Is Phimosis Really A Problem?

Phimosis is a condition of the penis that occurs in children and adults who are unable to retract the foreskin or prepuce which covers the glans of the penis. 

It is subdivided into physiologic and pathologic.

Physiologic: Is associated with childhood and usually resolves as the age increase. 

Pathologic: Is an associated condition called balanitis xerotica obliterans (BXO) 

Balanitis xerotica obliterans (BXO) or penile lichen is a progressive sclerosing inflammatory dermatosis of the foreskin penis glans. Its appearance affects the skin, causing abnormally dry, white and thickened plaques.

What are the causes of phimosis? 

If a patient has pathologic phimosis, there are some reasons that might develop such as: 

  • poor hygiene 
  • skin condition: eczema, psoriasis, lichen plans and lichen sclerosus (BXO) 
  • preputial adhesion or scar tissue that keeps the foreskin attached to the tip of the penis 
  • traumatic injury 
  • infection, sexually transmitted disease 

The issue of phimosis: results in impaired urinary and sexual function 

Symptoms of phimosis: 

  • redness or discoloration 
  • Swelling 
  • Soreness 
  • Pain upon urination (dysuria) 
  • Pain during sexual intercourse (dyspareunia) 

Diagnosis 

Physiologic phimosis condition that commonly in uncircumcised males, including cysts related to smegma production (white pearls underneath foreskin) 

Pathologic phimosis condition that commonly does not resolve naturally and causes other complications such as penile irritation or bleeding, ballooning of foreskin with urination causing forceful and difficult urination, urinary retention, painful erection and recurrent infection of the foreskin, paraphimosis and also urinary tract infection. 

The severity of phimosis:  

Score 1: full retraction of the foreskin, tight behind the glans 

Score 2: partial exposure of glans, prepuce (not congenital adhesions) limiting factor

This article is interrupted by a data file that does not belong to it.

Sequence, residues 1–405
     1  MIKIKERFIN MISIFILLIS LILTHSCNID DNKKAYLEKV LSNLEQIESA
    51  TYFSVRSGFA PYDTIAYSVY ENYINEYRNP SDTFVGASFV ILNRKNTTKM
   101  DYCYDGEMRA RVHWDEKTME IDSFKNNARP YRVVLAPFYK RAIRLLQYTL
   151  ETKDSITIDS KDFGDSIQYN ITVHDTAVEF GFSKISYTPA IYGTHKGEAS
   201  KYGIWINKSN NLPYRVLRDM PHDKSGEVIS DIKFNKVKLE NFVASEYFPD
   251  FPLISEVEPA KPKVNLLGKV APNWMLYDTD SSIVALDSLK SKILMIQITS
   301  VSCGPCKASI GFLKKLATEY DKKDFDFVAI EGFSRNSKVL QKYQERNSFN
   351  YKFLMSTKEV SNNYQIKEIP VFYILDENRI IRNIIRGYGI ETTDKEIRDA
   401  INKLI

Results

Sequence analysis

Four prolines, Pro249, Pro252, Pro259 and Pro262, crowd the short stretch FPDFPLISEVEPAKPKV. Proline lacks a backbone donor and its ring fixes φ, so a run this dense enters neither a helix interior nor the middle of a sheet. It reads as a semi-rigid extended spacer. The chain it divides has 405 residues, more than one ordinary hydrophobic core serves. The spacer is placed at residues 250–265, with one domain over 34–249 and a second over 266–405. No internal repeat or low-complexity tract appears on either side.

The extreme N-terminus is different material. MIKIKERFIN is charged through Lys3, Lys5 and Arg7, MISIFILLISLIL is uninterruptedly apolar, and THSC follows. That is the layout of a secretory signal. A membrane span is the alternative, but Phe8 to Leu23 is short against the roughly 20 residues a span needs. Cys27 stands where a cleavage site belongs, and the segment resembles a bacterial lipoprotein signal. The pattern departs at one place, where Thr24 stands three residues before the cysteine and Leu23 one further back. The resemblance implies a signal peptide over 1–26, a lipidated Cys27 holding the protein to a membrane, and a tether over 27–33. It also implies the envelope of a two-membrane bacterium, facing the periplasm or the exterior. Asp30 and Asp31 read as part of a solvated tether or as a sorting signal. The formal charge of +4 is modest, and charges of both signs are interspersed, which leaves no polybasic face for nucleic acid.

Score 3: partial retraction, meatus just visible 

Score 4: slight retraction, but some distance between tip and glans neither meatus nor glans can be exposed 

Score 5: absolutely no retraction of the foreskin 

Suggested test if it is possible bacterial infection: 

  • Urine culture and sensitivity 
  • Swab culture and sensitivity if there is a discharge over the infection site 
  • C- reactive protein 
  • Full blood count to determine the white blood count (indicate bacteria infection) 

Treatment of phimosis:

Depending on the child and the severity of phimosis 

  • Physiological treatment 
  • Gentle daily manual retraction 
  • Pharmacological treatment 
    • Topical corticosteroid therapy: it helps to tighten the foreskin around the penis, so that the foreskin may be easily retracted, applies the ointment to the tight ring of the foreskin twice daily for 6-8 weeks 
    • Topical antibiotics therapy: it helps to eliminate the bacteria if there is swelling and also discharge from the foreskin and the glans of penis 
    • Oral antibiotics: if the patient indicated the sign of infection like fever, sharp pain and also discharge from the foreskin example sexually transmitted disease and urinary tract infection
  • Surgical treatment 
  • Circumcision – surgical removal of the foreskin
    • Example circumcision anastomotic stapler- a disposable medical instrument that have been used for rapid, safe and efficient removal of the foreskin 
  • Preputioplasty
    • As known as a limited dorsal slit with transverse closure which is a plastic surgical operation on the prepuce or foreskin of the penis. This procedure is to widen a narrow non-retractile foreskin that cannot comfortably be drawn back off the head of penis in erection because of a constriction that has not expanded after adolescence. 

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